Therapy and counseling followed. But eventually Holmes decided to return to his roots. Back in Florence, South Carolina where he started. It wasn’t the good section of the city – but it was home.
He lives in a shack in the front yard of his mother’s trailer. The windows are busted out. There’s no running water and the little light over his bed is powered by an extension cord run from Claudia’s trailer. To get around, this former 38 year old NFL star no longer drives the hot car – he pedals his bike.
Against this backdrop, Clayton Holmes wrote the lyrics to his song:
Lord, where my life go?
Lord, it’s real.
The pain I feel.
As I struggle up this long hill.
Life’s so strange.
It’s filled with these pressures and pains.
That make you veer away from your game.
Now you’ve lost your aim.
And it’s all a part of the game.
To see if you can rise and maintain.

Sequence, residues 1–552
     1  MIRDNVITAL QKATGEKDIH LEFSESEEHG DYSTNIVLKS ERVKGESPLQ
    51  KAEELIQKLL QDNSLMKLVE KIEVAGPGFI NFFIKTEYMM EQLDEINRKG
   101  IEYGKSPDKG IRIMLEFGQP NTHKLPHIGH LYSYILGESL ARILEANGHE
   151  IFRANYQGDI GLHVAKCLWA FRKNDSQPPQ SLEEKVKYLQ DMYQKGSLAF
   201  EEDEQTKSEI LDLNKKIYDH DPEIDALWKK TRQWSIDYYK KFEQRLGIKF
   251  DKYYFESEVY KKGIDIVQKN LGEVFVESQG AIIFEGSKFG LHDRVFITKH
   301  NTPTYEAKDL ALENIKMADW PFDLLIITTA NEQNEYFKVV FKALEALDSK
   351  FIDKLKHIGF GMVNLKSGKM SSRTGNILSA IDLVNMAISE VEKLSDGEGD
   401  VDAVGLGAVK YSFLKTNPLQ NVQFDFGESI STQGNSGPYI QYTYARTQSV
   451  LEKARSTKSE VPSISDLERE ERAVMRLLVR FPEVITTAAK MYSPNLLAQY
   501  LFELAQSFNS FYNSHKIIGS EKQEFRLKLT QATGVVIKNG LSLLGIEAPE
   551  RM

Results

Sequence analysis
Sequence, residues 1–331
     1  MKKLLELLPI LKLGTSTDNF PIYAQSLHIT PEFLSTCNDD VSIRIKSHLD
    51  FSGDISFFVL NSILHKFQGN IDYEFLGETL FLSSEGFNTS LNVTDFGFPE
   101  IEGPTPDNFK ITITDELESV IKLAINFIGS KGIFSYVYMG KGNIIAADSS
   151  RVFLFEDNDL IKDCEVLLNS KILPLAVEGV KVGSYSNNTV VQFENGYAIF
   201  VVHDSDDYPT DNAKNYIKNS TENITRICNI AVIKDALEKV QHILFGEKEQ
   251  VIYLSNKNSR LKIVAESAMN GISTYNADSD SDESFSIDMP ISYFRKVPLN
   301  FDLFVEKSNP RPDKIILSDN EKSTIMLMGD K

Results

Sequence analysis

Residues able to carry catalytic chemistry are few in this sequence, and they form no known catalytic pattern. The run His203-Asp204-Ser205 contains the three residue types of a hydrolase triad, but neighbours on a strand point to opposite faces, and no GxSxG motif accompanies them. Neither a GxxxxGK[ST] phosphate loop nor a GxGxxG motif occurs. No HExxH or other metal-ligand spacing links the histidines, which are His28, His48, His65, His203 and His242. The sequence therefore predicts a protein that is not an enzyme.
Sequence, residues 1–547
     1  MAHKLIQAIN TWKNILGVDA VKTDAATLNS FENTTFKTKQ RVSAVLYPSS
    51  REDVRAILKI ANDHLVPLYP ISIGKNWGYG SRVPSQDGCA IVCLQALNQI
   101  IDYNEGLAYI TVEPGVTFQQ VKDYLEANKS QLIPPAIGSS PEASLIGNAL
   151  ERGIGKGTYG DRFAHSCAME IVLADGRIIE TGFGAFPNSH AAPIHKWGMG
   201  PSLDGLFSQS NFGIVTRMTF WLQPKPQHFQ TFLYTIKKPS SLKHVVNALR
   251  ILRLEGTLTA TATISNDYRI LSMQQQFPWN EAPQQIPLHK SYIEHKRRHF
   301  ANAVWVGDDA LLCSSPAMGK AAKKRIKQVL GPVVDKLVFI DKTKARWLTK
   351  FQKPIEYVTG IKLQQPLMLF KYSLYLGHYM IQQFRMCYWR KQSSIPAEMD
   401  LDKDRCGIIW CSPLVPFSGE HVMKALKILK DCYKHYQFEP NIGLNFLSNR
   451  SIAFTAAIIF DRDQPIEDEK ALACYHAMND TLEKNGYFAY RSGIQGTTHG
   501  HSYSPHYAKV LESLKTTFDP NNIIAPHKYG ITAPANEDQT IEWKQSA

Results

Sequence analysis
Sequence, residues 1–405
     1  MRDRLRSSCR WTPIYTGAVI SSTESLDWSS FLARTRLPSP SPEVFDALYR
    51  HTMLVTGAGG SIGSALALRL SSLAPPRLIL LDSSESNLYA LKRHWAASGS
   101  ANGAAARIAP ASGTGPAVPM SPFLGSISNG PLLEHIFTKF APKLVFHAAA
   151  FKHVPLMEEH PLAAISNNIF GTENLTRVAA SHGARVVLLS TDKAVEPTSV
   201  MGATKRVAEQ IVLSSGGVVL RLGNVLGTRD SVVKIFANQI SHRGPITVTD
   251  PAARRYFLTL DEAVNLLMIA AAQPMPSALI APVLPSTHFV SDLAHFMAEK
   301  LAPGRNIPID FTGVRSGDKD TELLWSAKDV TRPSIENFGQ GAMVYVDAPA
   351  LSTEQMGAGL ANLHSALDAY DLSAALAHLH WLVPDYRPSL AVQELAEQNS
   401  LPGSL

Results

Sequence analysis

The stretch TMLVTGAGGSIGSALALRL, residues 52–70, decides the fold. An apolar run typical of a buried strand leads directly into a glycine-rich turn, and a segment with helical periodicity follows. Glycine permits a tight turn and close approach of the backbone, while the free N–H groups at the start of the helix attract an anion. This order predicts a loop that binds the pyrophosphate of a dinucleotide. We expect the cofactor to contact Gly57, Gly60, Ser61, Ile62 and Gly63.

There’s so many things to blame.
Yes, there’s a blame.
There are many things and people Clayton could blame. He got off to a very brutal start – a childhood where his mother repeatedly belittled him and lashed him with an extension cord, while she used bats and brooms on his other two siblings. But that was the type of parenting she too received as a child.
They lived in dire poverty and shared underwear, pants and shirts enduring the stinging ridicule of other kids at school. But an even deeper scar remains from his older brother sneaking into his bed, covering his mouth and sexually molesting him. And then there is the memory of going to live with his dad. When his father aggressively questioned him about something he had done wrong, young Clayton started to sob. That’s when his dad punched him in the face with his big fist and knocked him out.